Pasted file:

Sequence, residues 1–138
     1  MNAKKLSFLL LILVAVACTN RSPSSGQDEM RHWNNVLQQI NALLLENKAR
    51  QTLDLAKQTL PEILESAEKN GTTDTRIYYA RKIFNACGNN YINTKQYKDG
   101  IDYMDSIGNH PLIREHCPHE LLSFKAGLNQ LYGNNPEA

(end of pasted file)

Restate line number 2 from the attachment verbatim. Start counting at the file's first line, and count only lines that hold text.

     1  MNAKKLSFLL LILVAVACTN RSPSSGQDEM RHWNNVLQQI NALLLENKAR